bad? Certainly not; for this would lead us to endless contradictions. The idea of eternal evil, is the most senseless of all others; for what is evil but a deviation from or a contrast to good? Were there not a first absolute good, evil would be an utter impossibility. To every mind that duly reflects, the notion of eternal evil must appear to overturn itself. Is there then, it may be further asked, any medium between this delirium of the Persians aud Manichees, and the admission of God's decree or fixed purpose as the cause of every effect? Is it the human will when human actions which God disapproves are in question ? It is conceded, that there is certainly no human action displeasing to God, where the human will is not employed: but what disposes that will to act in opposition to the will of its Maker and preserver?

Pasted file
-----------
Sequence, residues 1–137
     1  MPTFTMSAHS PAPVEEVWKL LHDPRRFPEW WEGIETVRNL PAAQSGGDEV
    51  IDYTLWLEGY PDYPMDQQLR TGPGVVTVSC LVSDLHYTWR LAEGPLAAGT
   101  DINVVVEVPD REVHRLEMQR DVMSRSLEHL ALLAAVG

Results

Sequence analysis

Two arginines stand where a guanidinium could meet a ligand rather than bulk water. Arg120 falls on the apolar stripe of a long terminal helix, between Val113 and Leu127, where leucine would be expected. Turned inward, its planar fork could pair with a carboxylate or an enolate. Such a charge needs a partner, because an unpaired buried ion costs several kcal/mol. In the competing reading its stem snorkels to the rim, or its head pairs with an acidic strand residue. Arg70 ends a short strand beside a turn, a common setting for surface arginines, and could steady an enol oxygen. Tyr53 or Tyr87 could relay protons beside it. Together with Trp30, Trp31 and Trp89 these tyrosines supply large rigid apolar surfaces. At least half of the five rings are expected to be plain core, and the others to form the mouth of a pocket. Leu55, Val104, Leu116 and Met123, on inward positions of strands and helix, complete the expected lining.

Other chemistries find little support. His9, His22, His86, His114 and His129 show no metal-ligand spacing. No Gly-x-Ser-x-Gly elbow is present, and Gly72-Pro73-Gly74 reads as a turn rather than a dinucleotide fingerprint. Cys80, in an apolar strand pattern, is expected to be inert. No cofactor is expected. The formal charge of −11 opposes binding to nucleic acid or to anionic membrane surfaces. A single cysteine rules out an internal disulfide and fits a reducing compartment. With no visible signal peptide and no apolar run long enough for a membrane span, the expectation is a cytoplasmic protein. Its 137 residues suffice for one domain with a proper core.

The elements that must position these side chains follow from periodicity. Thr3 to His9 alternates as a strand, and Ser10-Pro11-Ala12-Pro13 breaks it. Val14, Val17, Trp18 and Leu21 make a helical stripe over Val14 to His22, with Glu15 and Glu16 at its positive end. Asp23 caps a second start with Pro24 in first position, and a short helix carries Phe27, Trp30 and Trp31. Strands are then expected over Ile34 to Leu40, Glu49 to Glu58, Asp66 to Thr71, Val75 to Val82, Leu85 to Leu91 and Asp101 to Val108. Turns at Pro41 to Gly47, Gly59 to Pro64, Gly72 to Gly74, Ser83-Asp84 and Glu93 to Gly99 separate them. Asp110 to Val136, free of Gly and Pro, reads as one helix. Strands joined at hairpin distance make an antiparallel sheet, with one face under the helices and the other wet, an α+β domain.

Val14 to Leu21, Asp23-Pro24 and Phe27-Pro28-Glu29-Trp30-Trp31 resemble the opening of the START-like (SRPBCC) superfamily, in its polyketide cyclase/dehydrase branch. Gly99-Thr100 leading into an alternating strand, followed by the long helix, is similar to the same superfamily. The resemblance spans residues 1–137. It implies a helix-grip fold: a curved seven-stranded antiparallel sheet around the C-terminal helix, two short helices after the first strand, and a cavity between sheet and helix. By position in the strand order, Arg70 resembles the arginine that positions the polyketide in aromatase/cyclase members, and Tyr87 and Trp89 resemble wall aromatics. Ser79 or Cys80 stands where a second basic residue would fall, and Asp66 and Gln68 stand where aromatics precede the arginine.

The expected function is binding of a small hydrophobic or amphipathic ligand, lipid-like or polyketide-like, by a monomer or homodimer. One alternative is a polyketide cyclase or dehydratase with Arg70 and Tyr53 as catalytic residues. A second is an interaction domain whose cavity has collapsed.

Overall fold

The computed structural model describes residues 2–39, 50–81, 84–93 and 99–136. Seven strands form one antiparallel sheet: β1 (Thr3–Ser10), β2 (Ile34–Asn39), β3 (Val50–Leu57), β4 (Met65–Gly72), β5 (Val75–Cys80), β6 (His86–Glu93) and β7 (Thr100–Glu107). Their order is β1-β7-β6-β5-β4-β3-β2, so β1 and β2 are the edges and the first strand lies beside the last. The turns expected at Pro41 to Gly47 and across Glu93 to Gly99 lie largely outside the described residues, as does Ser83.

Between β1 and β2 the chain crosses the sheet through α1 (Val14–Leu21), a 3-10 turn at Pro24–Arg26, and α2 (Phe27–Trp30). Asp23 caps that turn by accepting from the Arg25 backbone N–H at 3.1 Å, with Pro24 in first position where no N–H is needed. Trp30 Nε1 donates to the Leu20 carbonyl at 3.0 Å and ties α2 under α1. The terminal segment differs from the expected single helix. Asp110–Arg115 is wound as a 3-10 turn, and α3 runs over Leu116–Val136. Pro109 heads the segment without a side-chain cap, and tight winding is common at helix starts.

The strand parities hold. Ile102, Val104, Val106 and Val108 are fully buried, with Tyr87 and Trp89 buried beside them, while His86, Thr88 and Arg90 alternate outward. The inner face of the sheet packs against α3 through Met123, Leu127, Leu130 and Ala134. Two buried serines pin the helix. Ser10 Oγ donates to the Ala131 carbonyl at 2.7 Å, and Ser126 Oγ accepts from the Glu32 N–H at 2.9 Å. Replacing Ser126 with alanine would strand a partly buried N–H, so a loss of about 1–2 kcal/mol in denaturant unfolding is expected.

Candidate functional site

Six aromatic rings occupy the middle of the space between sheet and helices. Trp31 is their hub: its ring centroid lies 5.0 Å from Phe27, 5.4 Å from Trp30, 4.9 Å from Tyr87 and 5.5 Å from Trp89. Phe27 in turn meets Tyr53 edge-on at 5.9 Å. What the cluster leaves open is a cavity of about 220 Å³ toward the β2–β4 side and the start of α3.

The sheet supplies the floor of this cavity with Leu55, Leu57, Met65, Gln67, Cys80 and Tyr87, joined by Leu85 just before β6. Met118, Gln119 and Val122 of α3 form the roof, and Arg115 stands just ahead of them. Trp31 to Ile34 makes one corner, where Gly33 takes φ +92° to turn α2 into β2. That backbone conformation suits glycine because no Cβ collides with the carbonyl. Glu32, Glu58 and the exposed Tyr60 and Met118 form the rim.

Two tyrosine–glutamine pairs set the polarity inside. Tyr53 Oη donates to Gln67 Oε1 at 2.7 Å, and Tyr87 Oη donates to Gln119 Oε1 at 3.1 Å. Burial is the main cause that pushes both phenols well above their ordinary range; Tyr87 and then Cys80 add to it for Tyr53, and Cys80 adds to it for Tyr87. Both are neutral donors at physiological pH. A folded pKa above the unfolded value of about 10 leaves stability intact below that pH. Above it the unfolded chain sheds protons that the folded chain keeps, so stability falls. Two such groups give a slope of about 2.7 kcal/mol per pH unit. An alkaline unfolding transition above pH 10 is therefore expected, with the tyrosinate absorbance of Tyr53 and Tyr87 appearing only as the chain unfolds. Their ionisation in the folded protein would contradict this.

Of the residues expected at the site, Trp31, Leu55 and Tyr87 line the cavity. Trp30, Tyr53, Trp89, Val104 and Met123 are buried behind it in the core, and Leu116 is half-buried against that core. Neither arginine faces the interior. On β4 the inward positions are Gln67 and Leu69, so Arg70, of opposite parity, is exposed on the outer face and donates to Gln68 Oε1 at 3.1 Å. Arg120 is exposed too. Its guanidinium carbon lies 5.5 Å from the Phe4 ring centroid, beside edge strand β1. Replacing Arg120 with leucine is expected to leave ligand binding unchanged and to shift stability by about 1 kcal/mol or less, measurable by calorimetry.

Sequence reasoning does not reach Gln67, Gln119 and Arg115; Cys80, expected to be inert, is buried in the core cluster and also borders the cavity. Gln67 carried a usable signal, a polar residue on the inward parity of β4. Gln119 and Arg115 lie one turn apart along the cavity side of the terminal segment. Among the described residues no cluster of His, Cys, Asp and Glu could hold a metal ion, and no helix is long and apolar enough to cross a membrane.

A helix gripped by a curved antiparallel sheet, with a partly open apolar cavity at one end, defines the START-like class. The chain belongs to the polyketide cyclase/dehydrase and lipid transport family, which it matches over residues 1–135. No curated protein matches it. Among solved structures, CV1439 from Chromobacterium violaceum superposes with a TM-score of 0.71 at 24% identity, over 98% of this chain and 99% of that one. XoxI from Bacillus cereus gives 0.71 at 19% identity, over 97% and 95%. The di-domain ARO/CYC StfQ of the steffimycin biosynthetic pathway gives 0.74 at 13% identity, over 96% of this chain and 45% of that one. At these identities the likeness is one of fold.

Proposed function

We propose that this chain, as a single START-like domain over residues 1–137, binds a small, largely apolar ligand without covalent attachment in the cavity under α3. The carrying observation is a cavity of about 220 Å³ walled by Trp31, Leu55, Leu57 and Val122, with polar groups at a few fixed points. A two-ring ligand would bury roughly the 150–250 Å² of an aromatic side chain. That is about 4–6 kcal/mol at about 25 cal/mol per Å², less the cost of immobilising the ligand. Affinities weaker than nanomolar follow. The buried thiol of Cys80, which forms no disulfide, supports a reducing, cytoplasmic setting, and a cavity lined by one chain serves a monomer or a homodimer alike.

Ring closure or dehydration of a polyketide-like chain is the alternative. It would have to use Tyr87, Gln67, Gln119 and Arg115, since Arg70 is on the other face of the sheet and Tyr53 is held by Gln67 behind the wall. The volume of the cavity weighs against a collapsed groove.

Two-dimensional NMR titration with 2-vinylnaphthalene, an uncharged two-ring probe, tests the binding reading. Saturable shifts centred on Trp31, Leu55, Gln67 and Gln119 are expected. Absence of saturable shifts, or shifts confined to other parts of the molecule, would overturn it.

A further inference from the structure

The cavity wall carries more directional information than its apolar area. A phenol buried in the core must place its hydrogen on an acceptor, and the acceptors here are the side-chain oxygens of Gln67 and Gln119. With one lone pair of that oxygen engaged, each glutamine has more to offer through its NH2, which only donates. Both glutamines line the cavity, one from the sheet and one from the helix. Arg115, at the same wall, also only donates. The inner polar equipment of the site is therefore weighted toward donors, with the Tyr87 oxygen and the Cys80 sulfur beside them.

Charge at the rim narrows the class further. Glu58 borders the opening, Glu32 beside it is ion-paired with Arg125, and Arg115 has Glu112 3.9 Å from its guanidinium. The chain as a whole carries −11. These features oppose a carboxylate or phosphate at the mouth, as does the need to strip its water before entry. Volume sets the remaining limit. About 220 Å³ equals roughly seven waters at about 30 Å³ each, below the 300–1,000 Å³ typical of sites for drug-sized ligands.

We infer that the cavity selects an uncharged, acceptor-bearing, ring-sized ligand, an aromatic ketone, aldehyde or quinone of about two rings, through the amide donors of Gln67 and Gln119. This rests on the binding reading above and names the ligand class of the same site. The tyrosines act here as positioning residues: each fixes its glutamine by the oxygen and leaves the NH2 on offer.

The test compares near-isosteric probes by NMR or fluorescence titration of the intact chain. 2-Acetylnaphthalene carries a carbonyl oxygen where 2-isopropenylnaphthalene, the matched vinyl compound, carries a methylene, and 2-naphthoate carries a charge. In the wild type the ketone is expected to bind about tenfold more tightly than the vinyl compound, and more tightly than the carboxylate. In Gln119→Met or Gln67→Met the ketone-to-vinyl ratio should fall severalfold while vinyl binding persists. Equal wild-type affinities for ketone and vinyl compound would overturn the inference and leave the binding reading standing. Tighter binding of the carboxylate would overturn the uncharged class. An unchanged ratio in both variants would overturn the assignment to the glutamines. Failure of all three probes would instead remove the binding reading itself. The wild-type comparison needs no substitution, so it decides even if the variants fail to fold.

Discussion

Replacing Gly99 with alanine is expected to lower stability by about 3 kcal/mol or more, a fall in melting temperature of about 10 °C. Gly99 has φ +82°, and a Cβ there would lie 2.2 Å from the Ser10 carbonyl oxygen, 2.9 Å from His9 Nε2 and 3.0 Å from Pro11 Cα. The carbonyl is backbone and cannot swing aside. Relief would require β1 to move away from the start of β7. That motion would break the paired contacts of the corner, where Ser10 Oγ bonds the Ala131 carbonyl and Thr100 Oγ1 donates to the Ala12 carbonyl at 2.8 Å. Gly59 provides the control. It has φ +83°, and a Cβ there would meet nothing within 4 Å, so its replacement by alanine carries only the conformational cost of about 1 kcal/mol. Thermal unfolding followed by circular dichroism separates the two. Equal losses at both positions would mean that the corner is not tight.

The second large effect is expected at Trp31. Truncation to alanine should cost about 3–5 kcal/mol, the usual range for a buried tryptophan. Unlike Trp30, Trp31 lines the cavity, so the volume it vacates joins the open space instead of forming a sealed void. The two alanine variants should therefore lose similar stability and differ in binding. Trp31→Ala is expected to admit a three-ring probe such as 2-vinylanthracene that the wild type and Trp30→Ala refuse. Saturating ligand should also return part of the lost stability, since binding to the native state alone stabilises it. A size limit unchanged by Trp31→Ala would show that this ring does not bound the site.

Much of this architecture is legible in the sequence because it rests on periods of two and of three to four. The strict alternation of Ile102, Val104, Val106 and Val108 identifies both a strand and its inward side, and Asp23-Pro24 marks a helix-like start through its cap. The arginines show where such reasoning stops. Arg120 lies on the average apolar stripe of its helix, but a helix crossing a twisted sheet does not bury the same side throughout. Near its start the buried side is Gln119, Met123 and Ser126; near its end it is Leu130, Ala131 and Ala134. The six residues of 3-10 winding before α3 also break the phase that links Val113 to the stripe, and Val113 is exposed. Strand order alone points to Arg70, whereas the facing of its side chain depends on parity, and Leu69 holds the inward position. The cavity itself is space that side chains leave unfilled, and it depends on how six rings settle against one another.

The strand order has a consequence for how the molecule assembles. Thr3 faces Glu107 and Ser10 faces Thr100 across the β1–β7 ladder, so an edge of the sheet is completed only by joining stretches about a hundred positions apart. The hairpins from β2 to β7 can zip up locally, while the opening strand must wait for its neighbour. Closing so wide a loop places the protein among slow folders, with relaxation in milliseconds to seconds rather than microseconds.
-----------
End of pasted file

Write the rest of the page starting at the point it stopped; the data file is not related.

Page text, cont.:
§ 13. If there be not some other cause to which this may be ascribed, we are reduced to one of these considerations, - that a cause opposes itself, or,--that there is an effect without a cause. But where shall we find an ade. quate cause?

Is it contingence? What is contingence? It will be probably answered,

, that a contingent being or event, is what may or may not happen according to free will, Granted; but it also follows, that in this sense,

every being is contingent except the first, who does notowe his existence to free-will--as every other being may be or may not be, according to the free-will of the Creator. And as to events, there is not one which is not, in this respect, contingent; for, antecedently, it might not have been. Either the interposing will of God might have prevented it by a miracle, or the secondary agent might have been annihilated. If by a contingent event be meant, that which is not known until it takes place; then it follows, that what is foreknown is not contingent to him who does foreknow it, though it may be so to others.